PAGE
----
|What's the Deal With Gallery Passes?|
Passes to sit in the House and Senate galleries are also available from your Congressman and Senators. These passes allow you to observe the debates in Congress. You will need separate passes for the House and Senate, but usually your Congressman and Senators will have both available. Children must be six years of age or older to be admitted to the Senate gallery, but in the House children under 10 are allowed when accompanied by an adult. Hours are usually 9 am to 4:30 pm for both galleries, although they may open earlier depending on when the House and Senate are in session. Check the front section of The Washington Post for times when the House and Senate are in session and the topics of debate for the day. No photography is allowed in the House and Senate chambers, and a secure place to check your camera and other items is offered at the galleries.
Tip: In the busy summer months, or during an especially exciting or contentious debate, lines to get into the galleries can be long-ask your Congressman or Senators' offices to have a staff member walk you over to the gallery. He or she can bypass the line, seat you in the reserved staff area, and can often give some insight on what is going on in the chamber.
Nylon and cotton American flags in a variety of sizes are available from your Representative's and Senators' offices. Please check with their offices for the latest flag prices; there is also a charge for postage. If you want the flag flown over the Capitol, there is an additional, mandatory $8 fee (2017) to recover the costs of flying the flag over the Capitol and providing the certificate that comes with it (a result of cuts in the 1996 Legislative Branch Appropriations Act). You can have the flag flown "in honor of" or "in memory of," and you can request a specific date. If the flag is to be flown over the Capitol, place your request no less than two weeks or more than two months in advance of the date you wish to have the flag flown. Payment must be made by check or money order; cash and credit cards are not accepted. Please allow 4 to 6 weeks for delivery.
For more information and links about the American Flag, see our expanded "How do I get an American flag that has flown over the U.S. Capitol?"
Your Congressman or Senator can also request a greeting from the President on your behalf. There are certain rules, however. Presidential Greetings can be requested for:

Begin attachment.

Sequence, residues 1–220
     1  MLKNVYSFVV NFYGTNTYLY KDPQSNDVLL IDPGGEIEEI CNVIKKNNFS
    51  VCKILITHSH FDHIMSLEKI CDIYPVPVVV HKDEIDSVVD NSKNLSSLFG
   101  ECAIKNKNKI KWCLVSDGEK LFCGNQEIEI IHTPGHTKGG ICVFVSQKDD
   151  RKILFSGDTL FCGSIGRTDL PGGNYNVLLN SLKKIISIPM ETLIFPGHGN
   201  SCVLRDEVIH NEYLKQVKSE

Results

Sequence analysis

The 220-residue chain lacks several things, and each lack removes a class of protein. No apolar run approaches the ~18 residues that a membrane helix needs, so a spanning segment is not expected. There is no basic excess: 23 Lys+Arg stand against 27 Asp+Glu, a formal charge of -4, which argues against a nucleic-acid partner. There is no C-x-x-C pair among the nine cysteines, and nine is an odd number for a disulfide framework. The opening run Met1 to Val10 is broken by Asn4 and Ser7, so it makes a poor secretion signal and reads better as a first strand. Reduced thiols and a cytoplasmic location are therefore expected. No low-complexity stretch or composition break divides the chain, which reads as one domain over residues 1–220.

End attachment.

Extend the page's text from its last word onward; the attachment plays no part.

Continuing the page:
- Birthday - 80 years or more
- Wedding anniversary - 50 years or more
- Birth of baby - addressed to the parents
- Condolence - addressed to immediate family member
- Eagle Scout/Girl Scout Gold award
- Graduation - high school or college; individual or class
Requests should be made to your Congressman or Senator at least four weeks before the date the greeting is needed.
Pages are young people who are hired to serve as helpers for the U.S. House of Representatives. They are students in their junior year of high school who come to Washington D.C. to live, work, and study as Pages. This Program, which includes the House Page Residence Hall, the House Page School, and the work responsibilities, is administered by the Office of the Clerk, pursuant to direction from the Majority and Minority leadership and the U.S. House of Representatives Page Board. The practice of having Pages dates back over 200 years.
While there are over 400 Members of Congress wishing to recommend a young person for a Page position, there are only about 66 Page positions available. This narrows opportunity considerably. All students must be sponsored by a Member of Congress to become a Page. Thus, the first step is to ask a Member of Congress for sponsorship. That Member will then have to contact the proper hiring authority to start the application process. Not every Member can sponsor a Page every time.
Page eligibility is limited to juniors in high school only. All applicants must be at least sixteen years old on the date they begin their Page term. No exceptions.
Source: former Rep. Bernie Sanders web site
- "Guide for Congressional Pages," Hobnob Blog, July 7, 2008
- "T-shirt: Congressional Totem Pole (as Drawn by a Former House Page)," Hobnob Blog, July 3, 2008
- "The Children Who Ran for Congress: A History of Congressional Pages," by Darryl Gonzalez (Praeger 2010)
- "The Manolo he recommends the shoes for Congressional pages," Hobnob Blog, June 30, 2008
- § 5.113, Congressional Pages, in the Congressional Deskbook, by Michael Koempel and Judy Schneider
- Capitol Page Alumni Association
- "Adventure in Washington," starring Herbert Marshall, Virginia Bruce, and Gene Reynolds (Columbia Pictures, 1941)
Also see these
- Museums, memorial and monuments - a list of the memorials in DC including the Washington Monument, the Lincoln Memorial, Arlington National Cemetery, and the FDR Memorial
- Visiting Washington, DCTheCapitol.Net is a non-partisan firm, and the opinions of its faculty, clients, and of the owners and operators of its vendors are their own and do not represent those of TheCapitol.Net.
Quick DC Links - Washington Essentials
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